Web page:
Example 12 Into a 100 ml. reaction vessel were charged 20 g. trioxane, 0.5 g. acrylonitrile and 10 g. cyclohexane. The water content of the reaction mixture was less than 0.01% by weight, as determined by the Karl Fischer method.

The mixture was maintained at 60 C. in an atmosphere of dry nitrogen and a mixture of 0.01 g. (II-(B) BF and 0.01 g. SnCl was added with vigorous agitation. Polymerization took place rapidly and the completion of the reaction was indicated by a drop in temperature.

After completion of the polymerization, about 50' ml. .acetone containing about 10% by volume triethylamine was added. The resulting slurry was filtered and the product subjected to a high-speed homogenizer in the presence of about 250 ml. of approximately 2% by weight aqueous ammonia. The polymeric product was filtered, washed with about 250 ml. of approximately 0.3% by weight aqueous ammonia and then with about 250 ml. acetone and finally dried in a vacuum oven at 60 C. The polymer product had an inherent viscosity of 0.66.

A film was obtained by compression molding at 190 C.

Example 13 Into a 100 ml. reaction vessel were charged 20 lg. trioxane and 0.5 g. vinyl-2-ethylhexyl ether and 10 g. cyclohexane. The water content of :the reaction mixture was less than 0.01% by weight, as determined by the Karl Fischer method.

The mixture was maintained at 60 C. in an atmosphere of dry nitrogen and a mixture of 0.01 g. (n-BuO) BF and 0.5 g. n-Bu O was added with vigorous agitation. Polymerization took place rapidly and the completion of the reaction was indicated by a drop in temperature.

After completion of the polymerization, about 50 m1. acetone containing about 10% by volume triethylamine was added. The resulting slurry was filtered and the product subjected to a high-speed homogenizer in the presence of about 250 Hill. of approximately 2% by weight aqueous ammonia. The polymeric product was filtered, washed with about 250 ml. of approximately 0.3% by weight aqueous ammonia and then with about 250 ml. acetone and finally dried in a vacuum oven at 60 C.

A flexible film was obtained by compression molding at 190 C. which exhibited a thermal decomposition rate of 0.42% per minute.

Example 14 Into a 100 ml. reaction vessel were charged 20 g. trioxane, :5 g. styrene and lg. cyclohexane. The water content of the reaction mixture was less than 0.01% by weight, as determined by the Karl Fischer method.

The mixture was maintained at 60 C. in an atmosphere of dry nitrogen and 0.01 g. (n-BuO) BF was added with vigorous agitation. Polymerization took place rapidly and the completion of the reaction was indicated by a drop in temperature.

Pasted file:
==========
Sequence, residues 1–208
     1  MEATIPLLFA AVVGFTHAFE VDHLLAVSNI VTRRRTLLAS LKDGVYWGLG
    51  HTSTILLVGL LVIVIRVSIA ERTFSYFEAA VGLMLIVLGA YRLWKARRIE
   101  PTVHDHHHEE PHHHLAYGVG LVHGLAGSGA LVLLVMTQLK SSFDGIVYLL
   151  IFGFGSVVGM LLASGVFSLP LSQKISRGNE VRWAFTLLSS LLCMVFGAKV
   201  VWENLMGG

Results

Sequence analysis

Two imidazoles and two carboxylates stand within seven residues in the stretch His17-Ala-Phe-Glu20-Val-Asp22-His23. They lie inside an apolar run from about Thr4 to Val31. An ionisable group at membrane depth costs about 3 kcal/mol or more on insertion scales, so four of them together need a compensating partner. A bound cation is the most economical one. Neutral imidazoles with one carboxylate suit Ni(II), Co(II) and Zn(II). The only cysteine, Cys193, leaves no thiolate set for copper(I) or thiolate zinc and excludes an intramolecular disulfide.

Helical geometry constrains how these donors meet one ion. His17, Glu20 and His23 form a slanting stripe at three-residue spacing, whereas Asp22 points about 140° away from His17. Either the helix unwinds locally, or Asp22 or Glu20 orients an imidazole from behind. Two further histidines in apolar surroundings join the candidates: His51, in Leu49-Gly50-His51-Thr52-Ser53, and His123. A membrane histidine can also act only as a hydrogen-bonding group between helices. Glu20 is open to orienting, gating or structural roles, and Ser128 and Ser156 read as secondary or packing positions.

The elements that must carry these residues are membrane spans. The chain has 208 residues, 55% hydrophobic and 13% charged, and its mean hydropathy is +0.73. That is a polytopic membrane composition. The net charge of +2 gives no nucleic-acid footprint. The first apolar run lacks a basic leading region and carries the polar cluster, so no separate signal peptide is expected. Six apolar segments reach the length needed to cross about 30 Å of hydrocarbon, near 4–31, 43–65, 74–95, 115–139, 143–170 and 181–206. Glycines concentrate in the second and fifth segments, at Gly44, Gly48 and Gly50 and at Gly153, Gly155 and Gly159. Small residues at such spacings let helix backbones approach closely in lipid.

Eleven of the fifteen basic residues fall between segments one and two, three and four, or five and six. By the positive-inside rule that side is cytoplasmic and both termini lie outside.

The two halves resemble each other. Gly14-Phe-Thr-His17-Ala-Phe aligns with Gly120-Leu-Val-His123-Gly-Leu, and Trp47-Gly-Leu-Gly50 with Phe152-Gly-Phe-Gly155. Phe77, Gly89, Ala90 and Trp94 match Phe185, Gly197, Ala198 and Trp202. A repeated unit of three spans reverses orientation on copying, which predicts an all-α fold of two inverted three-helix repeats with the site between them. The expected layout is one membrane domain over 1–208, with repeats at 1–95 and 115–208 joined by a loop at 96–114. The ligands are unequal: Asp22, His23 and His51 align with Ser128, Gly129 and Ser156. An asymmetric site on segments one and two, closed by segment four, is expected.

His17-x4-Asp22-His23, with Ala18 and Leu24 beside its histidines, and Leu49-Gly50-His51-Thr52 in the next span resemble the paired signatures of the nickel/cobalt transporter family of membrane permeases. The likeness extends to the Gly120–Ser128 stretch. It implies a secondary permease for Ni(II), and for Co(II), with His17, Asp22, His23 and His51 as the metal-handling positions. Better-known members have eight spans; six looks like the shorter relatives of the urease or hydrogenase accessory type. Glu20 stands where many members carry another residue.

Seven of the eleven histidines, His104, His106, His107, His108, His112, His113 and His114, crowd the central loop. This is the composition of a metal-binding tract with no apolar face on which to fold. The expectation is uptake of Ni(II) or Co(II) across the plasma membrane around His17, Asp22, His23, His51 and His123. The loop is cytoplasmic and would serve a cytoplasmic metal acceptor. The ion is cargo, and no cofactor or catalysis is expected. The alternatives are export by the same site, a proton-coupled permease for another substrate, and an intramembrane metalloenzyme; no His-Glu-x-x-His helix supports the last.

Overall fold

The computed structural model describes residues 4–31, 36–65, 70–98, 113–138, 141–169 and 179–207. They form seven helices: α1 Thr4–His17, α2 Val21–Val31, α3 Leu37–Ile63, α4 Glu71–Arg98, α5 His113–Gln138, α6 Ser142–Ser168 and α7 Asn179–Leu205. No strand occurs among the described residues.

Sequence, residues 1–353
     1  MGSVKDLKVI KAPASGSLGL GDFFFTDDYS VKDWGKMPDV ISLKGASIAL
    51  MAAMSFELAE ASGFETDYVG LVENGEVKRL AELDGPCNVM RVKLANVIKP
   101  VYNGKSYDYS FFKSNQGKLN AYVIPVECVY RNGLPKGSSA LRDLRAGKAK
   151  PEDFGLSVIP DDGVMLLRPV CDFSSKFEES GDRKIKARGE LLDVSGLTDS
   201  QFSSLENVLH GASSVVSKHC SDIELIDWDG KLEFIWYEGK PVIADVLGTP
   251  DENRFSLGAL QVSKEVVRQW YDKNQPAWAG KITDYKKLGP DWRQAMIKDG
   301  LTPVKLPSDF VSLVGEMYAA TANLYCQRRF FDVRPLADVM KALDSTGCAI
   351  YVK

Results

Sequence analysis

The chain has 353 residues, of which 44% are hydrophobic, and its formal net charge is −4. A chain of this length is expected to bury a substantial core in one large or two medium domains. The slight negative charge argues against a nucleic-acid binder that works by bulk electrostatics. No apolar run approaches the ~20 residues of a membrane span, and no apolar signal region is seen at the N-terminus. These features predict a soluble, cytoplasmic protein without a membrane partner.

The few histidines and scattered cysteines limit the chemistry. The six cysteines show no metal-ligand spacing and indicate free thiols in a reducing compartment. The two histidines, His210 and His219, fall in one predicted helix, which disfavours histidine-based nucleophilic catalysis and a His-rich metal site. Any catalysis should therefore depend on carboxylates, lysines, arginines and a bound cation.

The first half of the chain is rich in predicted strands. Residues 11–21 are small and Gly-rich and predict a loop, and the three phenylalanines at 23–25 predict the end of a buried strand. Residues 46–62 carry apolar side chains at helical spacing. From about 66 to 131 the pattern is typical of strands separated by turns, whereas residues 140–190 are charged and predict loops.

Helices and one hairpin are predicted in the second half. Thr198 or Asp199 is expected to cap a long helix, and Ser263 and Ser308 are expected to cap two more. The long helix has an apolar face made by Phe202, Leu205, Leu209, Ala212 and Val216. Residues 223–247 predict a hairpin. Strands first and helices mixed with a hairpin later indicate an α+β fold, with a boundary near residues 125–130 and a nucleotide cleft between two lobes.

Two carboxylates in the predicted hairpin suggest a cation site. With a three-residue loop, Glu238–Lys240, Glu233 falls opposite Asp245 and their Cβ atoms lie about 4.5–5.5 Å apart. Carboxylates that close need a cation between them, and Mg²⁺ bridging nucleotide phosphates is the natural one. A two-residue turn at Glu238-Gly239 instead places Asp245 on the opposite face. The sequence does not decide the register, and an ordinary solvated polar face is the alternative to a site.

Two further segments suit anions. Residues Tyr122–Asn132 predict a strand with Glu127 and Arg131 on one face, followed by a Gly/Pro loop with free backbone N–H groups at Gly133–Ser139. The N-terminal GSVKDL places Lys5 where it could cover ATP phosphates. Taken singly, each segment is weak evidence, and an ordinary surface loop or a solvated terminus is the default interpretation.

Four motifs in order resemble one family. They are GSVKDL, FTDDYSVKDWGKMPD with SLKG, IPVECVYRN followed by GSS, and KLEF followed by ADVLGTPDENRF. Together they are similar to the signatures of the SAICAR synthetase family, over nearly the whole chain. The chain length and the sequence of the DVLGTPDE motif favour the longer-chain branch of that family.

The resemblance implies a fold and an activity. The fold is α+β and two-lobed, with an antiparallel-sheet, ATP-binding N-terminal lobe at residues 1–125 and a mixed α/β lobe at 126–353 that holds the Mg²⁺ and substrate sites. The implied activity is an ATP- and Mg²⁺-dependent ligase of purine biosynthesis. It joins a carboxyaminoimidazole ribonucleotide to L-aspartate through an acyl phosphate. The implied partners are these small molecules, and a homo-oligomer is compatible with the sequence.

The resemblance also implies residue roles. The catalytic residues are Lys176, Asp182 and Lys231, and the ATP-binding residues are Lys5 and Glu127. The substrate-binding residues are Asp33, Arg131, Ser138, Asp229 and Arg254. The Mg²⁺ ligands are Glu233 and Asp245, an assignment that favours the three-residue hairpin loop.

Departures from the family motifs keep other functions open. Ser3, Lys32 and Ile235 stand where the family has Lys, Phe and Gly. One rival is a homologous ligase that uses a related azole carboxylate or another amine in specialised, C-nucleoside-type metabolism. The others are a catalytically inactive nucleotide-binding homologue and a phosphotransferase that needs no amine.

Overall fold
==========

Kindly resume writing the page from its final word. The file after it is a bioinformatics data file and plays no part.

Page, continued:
After completion of the polymerization, about 50 ml. acetone containing about 10% by volume triethylamine was added. The resulting slurry was filtered and the product subjected to a high-speed homogenizer in the Example Into a 100 ml. reaction vessel were charged g. trioxane, 1 g. styrene and 10 ,g. cyclohexane. The water content of the reaction mixture was less than 0.01% by weight, as determined by the Karl Fischer method.

The mixture was maintained at 60 C. in an atmosphere of dry nitrogen and 0.01 g. (n-BuO)BF was added with vigorous agitation. Polymerization took place rapidly and the completion of the reaction was indicated by a drop in temperature.

After completion of the polymerization, about 50 ml. acetone containing about 10% by volume triethylamine was added. The resulting slurry was filtered and the product subjected to a high-speed homogenizer in the presence of about 250 ml. of approximately 2% by weight aqueous ammonia. The polymeric product was filtered,

washed with about 250 n11. of approximately 0.3% by Weight aqueous ammonia and then with about 250 ml. acetone and finally dried in a vacuum oven at 60 C. The polymeric product had an inherent viscosity of 0.95.

A partly flexible film was obtained by compression molding at 190 C. which exhibited a thermal decomposition rate of 0.22% per minute.

Example 16 Into a ml. reaction vessel were charged 20 g. trioxane, 2 g. styrene and 10 g. cyclohexane. The water content of the react-ion mixture was less than 0.01% by weight, as determined by the Karl Fischer method.

The mixture was maintained at 60 C. in an atmosphere of dry nitrogen and 0.01 g. (n-BuO)BF was added with vigorous agitation. Polymerization took place rapidly and the completion of the reaction was indicated by a drop in temperature.

After completion of the polymerization, about 50 ml. acetone containing about 10% by volume triethylamine was added. The resulting slurry was filtered and the product subjected to a high-speed homogenizer in the presence of about 250 ml. of approximately 2% by weight aqueous ammonia. The polymeric product was filtered, washed with about 250 ml. of approximately 0.3 by weight aqueous ammonia and then with about 250 ml. acetone and finally dried in a vacuum oven at 60 C. The polymeric product had an inherent viscosity of 1.0.

A partly flexible film was obtained by compression molding at C. which exhibited a thermal decomposition rate of 0.15% per minute.

Example 17 Into a 100 ml. reaction vessel were charged 20 g. trioxane, 0.4 g. N-vinyl carbazole and 10 g. cyclohexane. The water content of the reaction mixture was less than 0.01% by weight, as determined by the Karl Fischer method.